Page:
Changes in Neurocognitive Functioning Following Lung Transplantation


Benson M. Hoffman,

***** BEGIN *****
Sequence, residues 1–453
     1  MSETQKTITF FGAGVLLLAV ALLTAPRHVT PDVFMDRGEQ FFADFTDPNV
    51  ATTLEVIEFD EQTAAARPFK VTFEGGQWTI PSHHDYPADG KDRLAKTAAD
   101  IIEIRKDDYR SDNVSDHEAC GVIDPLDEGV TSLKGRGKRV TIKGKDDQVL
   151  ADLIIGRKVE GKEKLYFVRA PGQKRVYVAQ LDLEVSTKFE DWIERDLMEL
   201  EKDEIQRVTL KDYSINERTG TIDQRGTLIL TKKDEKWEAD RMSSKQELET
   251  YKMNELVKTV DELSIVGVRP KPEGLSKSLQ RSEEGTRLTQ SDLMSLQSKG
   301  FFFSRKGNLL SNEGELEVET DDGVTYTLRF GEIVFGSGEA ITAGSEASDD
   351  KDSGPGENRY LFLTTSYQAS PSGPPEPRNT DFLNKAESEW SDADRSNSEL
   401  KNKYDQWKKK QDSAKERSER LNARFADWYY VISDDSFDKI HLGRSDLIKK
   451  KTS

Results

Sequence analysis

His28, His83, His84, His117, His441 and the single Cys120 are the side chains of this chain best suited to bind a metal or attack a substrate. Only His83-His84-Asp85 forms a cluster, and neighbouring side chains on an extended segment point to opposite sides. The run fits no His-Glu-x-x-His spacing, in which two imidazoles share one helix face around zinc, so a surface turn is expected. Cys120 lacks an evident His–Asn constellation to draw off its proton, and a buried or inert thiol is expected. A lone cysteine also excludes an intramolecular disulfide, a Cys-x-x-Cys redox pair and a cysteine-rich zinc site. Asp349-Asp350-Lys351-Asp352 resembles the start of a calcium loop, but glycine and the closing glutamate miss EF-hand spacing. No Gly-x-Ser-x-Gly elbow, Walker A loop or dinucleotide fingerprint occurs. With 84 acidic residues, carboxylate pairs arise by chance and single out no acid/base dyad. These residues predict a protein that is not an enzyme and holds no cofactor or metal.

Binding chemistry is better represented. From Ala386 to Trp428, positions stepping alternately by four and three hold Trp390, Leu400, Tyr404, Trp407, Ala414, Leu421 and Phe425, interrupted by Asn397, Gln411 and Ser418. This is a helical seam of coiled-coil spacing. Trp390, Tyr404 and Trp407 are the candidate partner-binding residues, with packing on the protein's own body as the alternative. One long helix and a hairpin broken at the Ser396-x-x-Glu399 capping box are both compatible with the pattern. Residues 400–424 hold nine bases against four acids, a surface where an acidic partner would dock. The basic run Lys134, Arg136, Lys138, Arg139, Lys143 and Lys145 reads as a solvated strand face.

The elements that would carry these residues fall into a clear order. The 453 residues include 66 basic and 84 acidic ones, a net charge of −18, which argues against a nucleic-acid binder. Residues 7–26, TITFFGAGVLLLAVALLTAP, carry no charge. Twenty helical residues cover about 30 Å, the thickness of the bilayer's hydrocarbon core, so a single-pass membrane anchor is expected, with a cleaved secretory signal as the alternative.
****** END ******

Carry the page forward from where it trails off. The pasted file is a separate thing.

Although neurocognitive impairment is relatively common among patients with advanced lung disease, little is known regarding changes in neurocognition following lung transplantation. We therefore administered 10 tests of neurocognitive functioning before and 6 months following lung transplantation and sought to identify predictors of change. Among the 49 study participants, native diseases included chronic obstructive pulmonary disease (n = 22), cystic fibrosis (n = 12), nonfibrotic diseases (n = 11) and other (n = 4). Although composite measures of executive function and verbal memory scores were generally within normal limits both before and after lung transplantation, verbal memory performance was slightly better posttransplant compared to baseline (p < 0.0001). Executive function scores improved in younger patients but worsened in older patients (p = 0.03). A minority subset of patients (29%) exhibited significant cognitive decline (i.e. >1 standard deviations on at least 20% of tests) from baseline to posttransplant. Patients who declined were older (p < 0.004) and tended to be less educated (p = 0.07). Lung transplantation, like cardiac revascularization procedures, appears to be associated with cognitive decline in a subset of older patients, which could impact daily functioning posttransplant.